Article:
The Republic of Moldova goes to the polls this coming Sunday in the second round of presidential elections, pitching incumbent President Igor Dodon against Maia Sandu of the Party of Action and Solidarity (PAS). Dodon has served as Moldova's president since 2016, when he beat Sandu in a close run-off.
Dodon is the former leader of Moldova's Party of Socialists (PSRM), which is widely regarded as pro-Russian. He relinquished the party leadership upon assuming the presidency and formally runs for reelection as an independent candidate, though has the party's strong support.
Temperatures were running high as soon as campaigning began. But they climbed higher still on October 19 when journalists from RISE Moldova and the Dossier centre published the first chapter of Kremlinovici, a four-part transnational investigation about the influence of the Russian intelligence services on Moldovan politics.
In response, on the day of publication, Russia's Foreign Intelligence Service (SVR) released a statement warning about “preparations for the arrival in Moldova of a group of American ‘colour revolution’ specialists with political tasks”.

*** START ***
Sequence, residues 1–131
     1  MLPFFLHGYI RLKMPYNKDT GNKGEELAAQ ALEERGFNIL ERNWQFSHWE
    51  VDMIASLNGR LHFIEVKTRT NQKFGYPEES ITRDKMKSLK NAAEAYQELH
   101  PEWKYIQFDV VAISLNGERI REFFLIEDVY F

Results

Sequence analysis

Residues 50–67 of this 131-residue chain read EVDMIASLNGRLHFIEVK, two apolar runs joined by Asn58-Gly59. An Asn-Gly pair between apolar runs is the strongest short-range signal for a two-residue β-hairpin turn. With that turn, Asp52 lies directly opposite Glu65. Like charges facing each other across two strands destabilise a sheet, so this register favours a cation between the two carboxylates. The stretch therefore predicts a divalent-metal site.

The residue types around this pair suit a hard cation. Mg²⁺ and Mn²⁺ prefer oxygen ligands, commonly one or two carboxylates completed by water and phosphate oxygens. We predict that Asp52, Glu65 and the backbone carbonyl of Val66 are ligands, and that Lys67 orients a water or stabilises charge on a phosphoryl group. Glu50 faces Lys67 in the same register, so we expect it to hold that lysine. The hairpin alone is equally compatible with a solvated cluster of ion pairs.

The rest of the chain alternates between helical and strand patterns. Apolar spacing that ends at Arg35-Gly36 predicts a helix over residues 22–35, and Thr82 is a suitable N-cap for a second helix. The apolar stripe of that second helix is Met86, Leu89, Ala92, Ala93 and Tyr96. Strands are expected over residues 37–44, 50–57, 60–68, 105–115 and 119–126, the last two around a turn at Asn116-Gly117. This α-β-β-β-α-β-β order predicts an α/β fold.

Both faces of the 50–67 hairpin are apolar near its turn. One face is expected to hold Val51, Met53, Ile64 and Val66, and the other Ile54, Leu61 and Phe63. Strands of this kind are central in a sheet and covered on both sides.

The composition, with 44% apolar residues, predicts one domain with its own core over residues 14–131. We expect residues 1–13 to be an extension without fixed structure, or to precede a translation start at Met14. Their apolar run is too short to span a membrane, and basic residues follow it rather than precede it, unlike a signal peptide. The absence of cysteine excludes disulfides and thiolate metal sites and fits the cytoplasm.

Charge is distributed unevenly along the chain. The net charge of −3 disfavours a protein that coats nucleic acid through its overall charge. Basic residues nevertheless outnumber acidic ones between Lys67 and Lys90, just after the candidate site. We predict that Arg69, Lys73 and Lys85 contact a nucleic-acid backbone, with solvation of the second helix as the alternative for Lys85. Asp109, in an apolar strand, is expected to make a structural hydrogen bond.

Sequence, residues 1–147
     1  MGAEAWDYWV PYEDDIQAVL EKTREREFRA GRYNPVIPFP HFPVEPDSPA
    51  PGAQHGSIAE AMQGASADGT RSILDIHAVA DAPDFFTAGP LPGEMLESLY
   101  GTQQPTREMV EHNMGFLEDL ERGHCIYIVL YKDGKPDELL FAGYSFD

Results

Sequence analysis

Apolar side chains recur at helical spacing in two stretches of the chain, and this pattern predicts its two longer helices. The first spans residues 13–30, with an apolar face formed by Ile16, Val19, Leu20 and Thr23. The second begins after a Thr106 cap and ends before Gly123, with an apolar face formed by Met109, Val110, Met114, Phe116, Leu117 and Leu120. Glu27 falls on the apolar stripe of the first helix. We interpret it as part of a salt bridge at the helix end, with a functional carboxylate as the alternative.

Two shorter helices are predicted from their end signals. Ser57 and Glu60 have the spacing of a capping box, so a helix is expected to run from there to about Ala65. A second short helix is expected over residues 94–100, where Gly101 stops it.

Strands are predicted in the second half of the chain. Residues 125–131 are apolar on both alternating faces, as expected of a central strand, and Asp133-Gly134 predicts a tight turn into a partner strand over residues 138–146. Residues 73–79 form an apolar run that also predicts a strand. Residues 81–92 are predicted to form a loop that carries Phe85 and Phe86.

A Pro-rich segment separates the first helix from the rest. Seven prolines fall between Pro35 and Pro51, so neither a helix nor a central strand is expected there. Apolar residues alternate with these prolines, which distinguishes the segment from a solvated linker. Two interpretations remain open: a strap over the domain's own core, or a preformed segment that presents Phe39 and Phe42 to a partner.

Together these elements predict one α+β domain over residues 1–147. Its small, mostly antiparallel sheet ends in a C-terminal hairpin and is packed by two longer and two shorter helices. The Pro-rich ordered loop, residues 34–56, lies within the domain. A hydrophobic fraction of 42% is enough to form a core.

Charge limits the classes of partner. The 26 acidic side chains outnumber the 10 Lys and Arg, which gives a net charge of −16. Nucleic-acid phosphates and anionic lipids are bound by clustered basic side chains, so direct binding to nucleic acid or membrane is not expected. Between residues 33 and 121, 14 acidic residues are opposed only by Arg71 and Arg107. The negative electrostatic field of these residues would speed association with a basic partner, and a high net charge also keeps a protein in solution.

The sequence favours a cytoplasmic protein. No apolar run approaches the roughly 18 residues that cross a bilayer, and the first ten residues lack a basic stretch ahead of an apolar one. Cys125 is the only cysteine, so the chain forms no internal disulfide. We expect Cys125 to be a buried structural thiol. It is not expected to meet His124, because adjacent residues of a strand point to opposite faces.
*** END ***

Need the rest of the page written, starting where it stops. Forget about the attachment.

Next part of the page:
The first round of the election was held on November 1. No revolution occurred, “coloured” or otherwise, and nobody could point to the mysterious American specialists. In the meantime, journalists of RISE Moldova had published evidence that Igor Dodon's headquarters had been in close contact with a group of political strategists from Russia, whose involvement in the election campaign had not been declared to the Central Electoral Commission (CEC) by the candidate — as required by Moldovan law.
As one of the authors of the Kremlinovici investigation, I interviewed experts and analysts to learn their views about the Kremlin's possible influence on Dodon, and what might distinguish the second round of this election from the first.
Second time lucky
According to the official results of the first round, Sandu took a slim lead over Dodon in the first round, taking 36.2 percent of the vote compared to his 32.6 percent.
Four of the eight candidates who ran in the first round have since voiced their support for Sandu. These were Andrei Năstase of the Dignity and Truth platform, Tudor Deliu of the Liberal Democratic Party, Octavian Ţîcu of the National Unity Party and Dorin Chirtoacă of the Liberal Party. Renato Usatîi, the Our Party candidate who came third with 16.9 percent of the vote, called on Moldovans simply to vote against Dodon.
Both Dodon and Sandu have changed the focus of their electoral campaigns since the first round.
Maia Sandu no longer emphasises alleged electoral fraud, but calls for a broad political alliance against the incumbent president.
“Once again she's calling for early parliamentary elections, an interesting proposal to those participants in the race were eliminated in the first round but can help Sandu with their votes in the second”, says Sergey Manastîrlî, director of the Balkan-Center institute for analysis, research and forecasting.